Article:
"Je ne parle pas Dutch. Je parle un ptite Francaise" (I don't speak German. I speak a little French). He literally did a double take in my direction with a look of surprise on his face.


"Francais" I responded - we were communicating! What we were communicating was far less important than the very fact that we were indeed communicating!

"Ah," he looked relieved, as if me being French explained everything. "blah blah blah. Francise blah blah." It dawned on me that he thought I was French! He handed me the package.

I took it and ran.

Creating Community in Unlikely Places

Its strange that I have travelled half way around the world to a little corner of Germany that no one visits of their own free will only to discover a wonderful community of people.

This evening we had our friends, Brendan, Stina, Robert, and Stabastion over for dinner. Brendan and Stina live right across the courtyard from us and Robert and Stabastion live just one flight up and across the hall. I didn't stress about what I was making or if the flat looked presentable (its hard to go wrong when you only have four chairs and a table occupying the entire room). Instead, I focused on the company.

Almost every night since we arrived in Mageeburg we have spent some amount of time with friends. Its wonderful for Ilya to be around so many people that adore her, and it really helps us feel less isolated out here in the middle of nowhere Germany.

I want to be part of a community like this when I get home, but I'm not sure Seattle is set up for such a thing. Maybe I just need to be more proactive in inviting others over, but it really does help having friends who live two minutes away.

Update on the photo situation: I was certain that I brought my camera battery charger, but TSA must have have stolen it because it I can't find it anywhere. I ordered a new on, and it is currently sitting in a German post office waiting for me to pick it up (of course, first I have to figure out where this post office is located and how to get there - not such an easy feat when everything is in German).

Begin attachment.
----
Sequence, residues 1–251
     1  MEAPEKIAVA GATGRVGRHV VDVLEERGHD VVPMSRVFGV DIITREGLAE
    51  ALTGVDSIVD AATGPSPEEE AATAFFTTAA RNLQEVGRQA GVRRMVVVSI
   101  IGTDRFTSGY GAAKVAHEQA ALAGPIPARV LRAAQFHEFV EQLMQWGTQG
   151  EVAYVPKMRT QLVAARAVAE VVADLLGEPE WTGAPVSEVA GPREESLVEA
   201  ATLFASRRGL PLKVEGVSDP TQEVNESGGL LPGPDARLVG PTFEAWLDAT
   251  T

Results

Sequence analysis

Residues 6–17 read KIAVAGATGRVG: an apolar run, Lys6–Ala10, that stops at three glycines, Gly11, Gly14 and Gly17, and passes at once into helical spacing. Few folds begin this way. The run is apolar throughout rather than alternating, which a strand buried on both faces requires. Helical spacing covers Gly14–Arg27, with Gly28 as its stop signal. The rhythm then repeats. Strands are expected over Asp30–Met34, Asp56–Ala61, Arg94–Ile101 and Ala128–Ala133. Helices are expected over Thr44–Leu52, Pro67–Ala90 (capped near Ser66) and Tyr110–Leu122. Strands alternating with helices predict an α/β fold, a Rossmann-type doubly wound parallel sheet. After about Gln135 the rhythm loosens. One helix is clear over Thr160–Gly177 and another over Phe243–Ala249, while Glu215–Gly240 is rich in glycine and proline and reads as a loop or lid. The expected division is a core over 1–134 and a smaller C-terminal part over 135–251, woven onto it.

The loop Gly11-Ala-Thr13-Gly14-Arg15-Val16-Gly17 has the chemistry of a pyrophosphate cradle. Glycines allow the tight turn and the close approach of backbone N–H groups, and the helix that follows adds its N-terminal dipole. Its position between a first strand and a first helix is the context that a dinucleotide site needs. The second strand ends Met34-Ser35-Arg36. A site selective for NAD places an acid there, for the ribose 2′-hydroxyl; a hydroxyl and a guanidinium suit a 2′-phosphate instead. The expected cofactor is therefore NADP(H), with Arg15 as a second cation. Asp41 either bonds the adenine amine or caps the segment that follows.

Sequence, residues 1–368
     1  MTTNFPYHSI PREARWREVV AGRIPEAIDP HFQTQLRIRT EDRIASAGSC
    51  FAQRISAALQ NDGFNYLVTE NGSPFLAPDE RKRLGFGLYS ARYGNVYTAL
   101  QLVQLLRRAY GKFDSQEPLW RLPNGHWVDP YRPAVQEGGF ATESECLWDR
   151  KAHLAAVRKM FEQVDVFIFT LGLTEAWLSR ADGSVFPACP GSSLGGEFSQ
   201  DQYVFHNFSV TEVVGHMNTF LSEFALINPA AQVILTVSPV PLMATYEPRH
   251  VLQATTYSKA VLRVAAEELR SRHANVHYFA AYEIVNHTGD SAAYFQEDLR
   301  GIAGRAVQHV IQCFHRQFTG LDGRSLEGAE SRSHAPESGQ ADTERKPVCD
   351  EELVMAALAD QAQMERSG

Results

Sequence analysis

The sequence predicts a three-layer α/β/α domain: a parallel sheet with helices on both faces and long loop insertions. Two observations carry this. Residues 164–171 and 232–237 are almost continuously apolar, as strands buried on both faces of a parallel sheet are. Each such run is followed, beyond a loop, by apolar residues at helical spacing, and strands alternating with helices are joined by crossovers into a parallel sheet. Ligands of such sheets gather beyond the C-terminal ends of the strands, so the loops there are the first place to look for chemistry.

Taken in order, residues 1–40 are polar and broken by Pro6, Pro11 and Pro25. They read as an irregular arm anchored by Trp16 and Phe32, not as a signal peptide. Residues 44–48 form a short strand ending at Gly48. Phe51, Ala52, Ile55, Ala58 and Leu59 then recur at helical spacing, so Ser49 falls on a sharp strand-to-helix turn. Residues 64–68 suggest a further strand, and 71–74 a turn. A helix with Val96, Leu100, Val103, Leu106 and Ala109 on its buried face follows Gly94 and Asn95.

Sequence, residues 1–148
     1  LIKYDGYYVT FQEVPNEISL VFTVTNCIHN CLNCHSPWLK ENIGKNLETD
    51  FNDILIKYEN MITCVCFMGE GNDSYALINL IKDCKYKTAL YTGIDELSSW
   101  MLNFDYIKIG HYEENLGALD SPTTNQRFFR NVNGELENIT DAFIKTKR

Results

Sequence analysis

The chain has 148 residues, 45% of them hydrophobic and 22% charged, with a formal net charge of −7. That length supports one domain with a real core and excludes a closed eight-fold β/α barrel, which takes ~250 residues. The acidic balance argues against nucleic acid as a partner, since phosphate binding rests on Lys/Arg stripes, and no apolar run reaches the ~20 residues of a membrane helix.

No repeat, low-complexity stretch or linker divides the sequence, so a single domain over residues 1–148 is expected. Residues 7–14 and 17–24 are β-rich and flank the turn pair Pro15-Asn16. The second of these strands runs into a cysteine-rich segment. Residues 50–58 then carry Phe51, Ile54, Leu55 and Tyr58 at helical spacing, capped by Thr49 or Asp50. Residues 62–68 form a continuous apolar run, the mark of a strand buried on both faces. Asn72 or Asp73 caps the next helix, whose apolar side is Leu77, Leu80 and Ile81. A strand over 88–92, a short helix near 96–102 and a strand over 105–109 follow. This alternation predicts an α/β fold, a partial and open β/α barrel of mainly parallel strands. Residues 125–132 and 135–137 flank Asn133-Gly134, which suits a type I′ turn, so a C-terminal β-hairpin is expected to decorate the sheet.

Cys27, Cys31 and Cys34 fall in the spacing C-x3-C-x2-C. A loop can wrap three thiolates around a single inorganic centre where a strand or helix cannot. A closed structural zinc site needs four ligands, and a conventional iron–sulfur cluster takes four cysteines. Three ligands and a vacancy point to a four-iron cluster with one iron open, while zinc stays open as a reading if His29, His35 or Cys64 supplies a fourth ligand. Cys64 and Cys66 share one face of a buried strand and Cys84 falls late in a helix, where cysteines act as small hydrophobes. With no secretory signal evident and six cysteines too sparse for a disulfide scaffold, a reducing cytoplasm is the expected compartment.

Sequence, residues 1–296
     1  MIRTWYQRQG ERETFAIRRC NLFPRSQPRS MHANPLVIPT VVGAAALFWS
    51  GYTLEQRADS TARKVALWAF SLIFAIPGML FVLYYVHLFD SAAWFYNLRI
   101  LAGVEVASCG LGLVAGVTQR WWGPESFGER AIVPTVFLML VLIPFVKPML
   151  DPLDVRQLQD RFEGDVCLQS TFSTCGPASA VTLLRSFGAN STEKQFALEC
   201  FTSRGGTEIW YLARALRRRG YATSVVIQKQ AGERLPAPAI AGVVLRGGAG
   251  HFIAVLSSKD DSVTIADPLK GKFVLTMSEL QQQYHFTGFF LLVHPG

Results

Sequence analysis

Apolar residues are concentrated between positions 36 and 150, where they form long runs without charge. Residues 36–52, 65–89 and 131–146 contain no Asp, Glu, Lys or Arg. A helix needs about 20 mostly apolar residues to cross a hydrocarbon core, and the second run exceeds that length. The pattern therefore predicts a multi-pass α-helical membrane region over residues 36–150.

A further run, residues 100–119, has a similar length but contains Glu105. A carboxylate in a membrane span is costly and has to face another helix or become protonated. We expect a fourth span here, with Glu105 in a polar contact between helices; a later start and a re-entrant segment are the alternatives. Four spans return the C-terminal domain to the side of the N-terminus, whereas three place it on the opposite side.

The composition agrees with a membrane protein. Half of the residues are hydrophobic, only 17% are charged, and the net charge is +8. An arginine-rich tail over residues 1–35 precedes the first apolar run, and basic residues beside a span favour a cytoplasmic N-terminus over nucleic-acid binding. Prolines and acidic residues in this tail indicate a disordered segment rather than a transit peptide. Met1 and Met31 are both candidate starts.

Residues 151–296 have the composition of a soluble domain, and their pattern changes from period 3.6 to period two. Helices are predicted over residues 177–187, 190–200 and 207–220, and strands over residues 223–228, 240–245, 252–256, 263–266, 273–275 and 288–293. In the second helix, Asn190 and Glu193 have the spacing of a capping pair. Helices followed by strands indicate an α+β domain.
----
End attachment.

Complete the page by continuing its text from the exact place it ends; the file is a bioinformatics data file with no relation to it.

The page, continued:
Friday, February 5, 2010


I have now been in Magdeburg almost two solid weeks, and I am beginning to move from "survival" mode (what do I need to do right now in order to be fed, clothed, housed...) to "settled" mode. We FINALLY signed the contract for our very own apartment - even though the property manager was rude and seamed to think that Ilya was going to single handedly tear everything apart. We've found grocery stores that carry the foods we need, and we know how to get pretty much anywhere via public transportation. Not bad for two weeks.

Here are some sweeping generalities I've noticed about Germans (please note: the following does not apply to every German, it just seams to me to be a general trend).

1) Germans have a much tighter "personal bubble" than Americans. People will walk right up behind you, and you can either ignore them or get out of the way. Its kinda like tailgating for walkers. It makes grocery shopping a bit challenging as no one moves out of the way and people push right up against you. Just imagine grocery shopping as an extreme sport and you have a pretty good idea of what its like.

2) Outwardly, Germans don't appear to be friendly. They don't smile at you on the street when you make eye contact. They don't apologize for bumping into you when they pass you on the street. They make no effort to keep their smoke out of the faces of young children. However, as soon as you start to interact with them, you discover that they are actually far more friendly than most Americans. They patiently wait as I struggle to order something in German. They are fair and straight-forward. I don't know how to better describe them, except to say that I have liked almost every German that I have met (with the exception of a certain property manager who hates children).

3) There is dog poop EVERYWHERE - like little smelly landmines littering the sidewalks

4) While the government seams to be obsessive about recycling (different containers for just about every type of material), the people tend to toss things in which ever bin they feel like, and by "bin", I really mean "sidewalk." I have found so many things laying on the side of the road - a toaster oven, a vacuum, a fan, two or three mattresses, a couch, a rug...